5)He Walked By Night--Richard Basehart plays a brutal and very clever small-time crook and cop-killer. Jack Webb and Scott Brady play a pair of cops working doggedly to discover his identity and bring him to justice. The chase at the end through the LA storm drains is electrifying, but it is never explained why Basehart's character killed the cop in the first place. 4 stars.
6)Trapped--Forger Lloyd Bridges is "allowed" to escape from an armed escort so that he might lead police to the location of the master plates for counterfeit bills which had once again begun to appear on the streets. Bridges thinks he has escaped, and that they won't look for him in Los Angeles which is far from his former base of operations in Missouri. But he is mistaken. See how it plays out. Loaded with great action scenes. 4 stars.
7)Impact--Ella Raines ruthlessly schemes to have her wealthy husband killed so that she can run off with her boyfriend. But it doesn't work out as she planned. The husband (Brian Donlevy) returns home to San Francisco with a new love interest he met after he turned up alive in Idaho and is determined to seek justice. But the wheels of justice nearly crush him! Raines is excellent as a scheming, cold and ruthless adultress. You'll want to kill her yourself! 5 stars.
8)DOA--Edmond O'Brien stars as a small-time businessman who goes to San Francisco on vacation only to find himself fatally poisoned by someone he didn't know for reasons he can't fathom and has but a short time to find out why before the poison kills him. Pamela Britton stars as his loyal, loving and under-appreciated secretary. This film is full of twists and turns. It features a number of very sleazy and unlikeable characters and even some Armenian gangsters. I had my choice as the chief suspect in O'Brien's poisoning nailed upon his introduction to the story. He is a decidedly unpleasant character who stands out among many of them.
There are some comic scenes that take place in a San Francisco nightclub before O'Brien is poisoned. One features a cartoonish and stereotypical bunch of black musicians playing a type of music referred to a "jive" which is really just a style of jazz. As funny and goofy as they are, its the stereotyped reaction of some of the beatniks in the audience that will really provoke a broad grin. 5 stars.
9)Quicksand--Mickey Rooney plays a young punk who meets a beautiful girl who is out of his league and tries to impress her by playing the bigshot. His need for money gets him in one fix after another and he gets in deeper and deeper until a way out seems impossible, hence the title. Jeanne Cagney is excellent as the beautiful, street-smart, and money grubbing object of his interest and Peter Lorre is excellent as the shady, greasy arcade owner who is her on again/off again boyfriend.
Although the ending is corny, there is a "moral to the story". 4 stars.
10)The Hitch-Hiker--Edmond O'Brien and Frank Lovejoy star as two buddies who drive to Baja on a fishing trip. When they stop to help a seemingly stranded motorist who is hitch-hiking, their trip turns into a nightmare. William Talman is the hitch-hiker who is riveting in his performance as an amoral mass-murderer on the run who is trying to escape to mainland Mexico via the rugged and mostly undeveloped eastern side of Baja. O'Brien and Lovejoy have the misfortune of meeting him. What happens will keep you on the edge of your seat.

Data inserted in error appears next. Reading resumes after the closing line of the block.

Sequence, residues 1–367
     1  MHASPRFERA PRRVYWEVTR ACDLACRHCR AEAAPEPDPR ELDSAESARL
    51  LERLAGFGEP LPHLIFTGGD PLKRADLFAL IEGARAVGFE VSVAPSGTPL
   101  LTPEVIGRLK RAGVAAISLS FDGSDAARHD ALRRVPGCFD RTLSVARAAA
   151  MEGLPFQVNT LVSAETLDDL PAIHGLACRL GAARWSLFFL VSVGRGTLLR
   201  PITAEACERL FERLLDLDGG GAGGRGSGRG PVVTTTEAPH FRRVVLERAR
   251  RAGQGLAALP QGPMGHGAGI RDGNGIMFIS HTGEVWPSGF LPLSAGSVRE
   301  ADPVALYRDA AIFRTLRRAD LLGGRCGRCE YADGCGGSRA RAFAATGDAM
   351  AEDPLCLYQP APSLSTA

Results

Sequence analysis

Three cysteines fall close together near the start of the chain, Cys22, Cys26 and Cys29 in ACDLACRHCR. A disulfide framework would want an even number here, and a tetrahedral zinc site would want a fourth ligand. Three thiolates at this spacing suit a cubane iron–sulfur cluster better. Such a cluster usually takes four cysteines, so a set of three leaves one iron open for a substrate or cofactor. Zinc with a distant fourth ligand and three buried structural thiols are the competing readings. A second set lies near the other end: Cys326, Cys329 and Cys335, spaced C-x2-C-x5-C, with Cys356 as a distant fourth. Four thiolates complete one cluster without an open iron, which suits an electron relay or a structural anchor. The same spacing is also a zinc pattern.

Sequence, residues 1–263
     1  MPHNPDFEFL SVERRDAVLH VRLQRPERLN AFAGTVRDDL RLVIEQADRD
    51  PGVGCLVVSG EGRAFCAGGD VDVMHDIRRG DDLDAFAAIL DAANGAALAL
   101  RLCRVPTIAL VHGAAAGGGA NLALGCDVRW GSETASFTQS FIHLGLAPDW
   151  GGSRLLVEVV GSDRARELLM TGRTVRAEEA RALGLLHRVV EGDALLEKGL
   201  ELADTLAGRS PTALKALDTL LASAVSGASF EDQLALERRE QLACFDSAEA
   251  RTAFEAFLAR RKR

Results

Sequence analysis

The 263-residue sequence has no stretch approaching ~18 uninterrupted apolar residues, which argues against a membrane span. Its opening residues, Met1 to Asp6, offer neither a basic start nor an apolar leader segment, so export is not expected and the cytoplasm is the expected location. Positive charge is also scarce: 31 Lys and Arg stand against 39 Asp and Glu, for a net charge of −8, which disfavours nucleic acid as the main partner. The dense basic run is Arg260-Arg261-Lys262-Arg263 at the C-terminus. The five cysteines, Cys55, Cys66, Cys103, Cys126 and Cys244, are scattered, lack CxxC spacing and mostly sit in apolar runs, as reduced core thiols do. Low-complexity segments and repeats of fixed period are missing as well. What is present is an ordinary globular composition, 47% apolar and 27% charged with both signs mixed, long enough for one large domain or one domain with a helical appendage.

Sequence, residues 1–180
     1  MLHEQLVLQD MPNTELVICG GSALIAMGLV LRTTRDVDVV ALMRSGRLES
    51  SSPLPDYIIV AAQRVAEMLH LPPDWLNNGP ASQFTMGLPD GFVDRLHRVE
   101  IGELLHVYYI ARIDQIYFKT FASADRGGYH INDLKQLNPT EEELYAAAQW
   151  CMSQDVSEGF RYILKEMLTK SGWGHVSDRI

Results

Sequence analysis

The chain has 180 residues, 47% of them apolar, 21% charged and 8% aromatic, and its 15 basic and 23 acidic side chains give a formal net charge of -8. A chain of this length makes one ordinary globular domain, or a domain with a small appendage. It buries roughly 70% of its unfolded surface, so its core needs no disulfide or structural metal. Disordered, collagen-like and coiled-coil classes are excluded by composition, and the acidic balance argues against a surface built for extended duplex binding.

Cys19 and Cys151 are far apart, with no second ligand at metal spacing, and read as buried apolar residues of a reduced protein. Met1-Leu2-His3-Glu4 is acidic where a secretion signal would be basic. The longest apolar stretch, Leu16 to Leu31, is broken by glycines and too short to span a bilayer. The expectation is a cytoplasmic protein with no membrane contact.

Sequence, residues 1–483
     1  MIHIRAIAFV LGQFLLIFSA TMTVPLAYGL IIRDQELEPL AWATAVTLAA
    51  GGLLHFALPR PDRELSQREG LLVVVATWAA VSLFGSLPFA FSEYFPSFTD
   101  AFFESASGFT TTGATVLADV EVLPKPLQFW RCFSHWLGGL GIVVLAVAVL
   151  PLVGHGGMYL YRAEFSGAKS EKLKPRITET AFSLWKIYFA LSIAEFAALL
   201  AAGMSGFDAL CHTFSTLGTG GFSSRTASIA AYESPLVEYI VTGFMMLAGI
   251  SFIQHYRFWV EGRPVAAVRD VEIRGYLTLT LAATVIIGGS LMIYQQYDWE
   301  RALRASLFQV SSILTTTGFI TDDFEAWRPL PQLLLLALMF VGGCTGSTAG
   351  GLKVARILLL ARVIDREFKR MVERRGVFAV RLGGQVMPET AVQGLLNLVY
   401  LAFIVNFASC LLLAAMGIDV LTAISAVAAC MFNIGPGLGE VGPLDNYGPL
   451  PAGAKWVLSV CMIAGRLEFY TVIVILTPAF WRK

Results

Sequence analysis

The desert scenery, primitive roads, and the Spanish dialogue when apt involving authentic-appearing locals (without subtitles) lend authenticity to the setting. Hitch-Hiker is the best film in this set and rightfully saved for last. 5 stars plus.
Although there may be transfer issues with the films, the viewer has to remember that many of these were originally low-budget productions and so there was a low priority in trying to preserve them for posterity. We're lucky to be able to see them at all! Overall, this set rates 5 stars on the noir scale. These are ten mostly great films at an almost giveaway price. If you like the genre, but are unfamiliar with these films, you can't go wrong adding The Ultimate Film Noir Collection to your collection."
Some good examples of the genre, but with poor video quality
calvinnme | 12/07/2006
(3 out of 5 stars)
"Of all of the film noir DVD collections out right now, this probably has the best selection. Unlike the other collections that only give you five or so movies, this one includes ten. Also, it includes four of my favorites of the genre - DOA, Scarlet Street, The Strange Love of Martha Ivers, and He Walked by Night.
"DOA" is, of course, the definitive film noir classic. "Scarlet Street" shows Edward G. Robinson in an unusual role as a love-sick patsy who ultimately turns deadly. Likewise, we are all so accustomed to seeing Barbara Stanwyck as the strong in-control woman. However, in "The Strange Love of Martha Ivers", she is somewhat the caged tiger. "He Walked By Night" is one of my personal favorite detective films with some film noir elements. The main character has few lines and most of his performance consists of changing facial expressions. As for the other six, they are OK films, but I would not have bought the DVD set if they had been the only ones featured. My least favorite movie in the set was "The Hitchhiker", since the main characters are being held at gunpoint for most of the film, and the character development does not make up for the lack of action making it a somewhat boring film.
Two great film noir movies I can't find in any box set include "Nora Prentiss" and "Mr. Denning Drives North". These two are classics. "Nora Prentiss" has a man, through a series of moral failings, ultimately being deformed via an auto accident and through a series of very strange events being convicted of his own murder. "Mr. Denning Drives North" is a British film noir classic murder/detective story from 1952. These last two films I can't even find individually on DVD or even VHS.
I'd give the set a higher rating if the video was better quality. I have several of these movies in individual DVD sets, and was much more satisfied with the video quality in those products than this box set."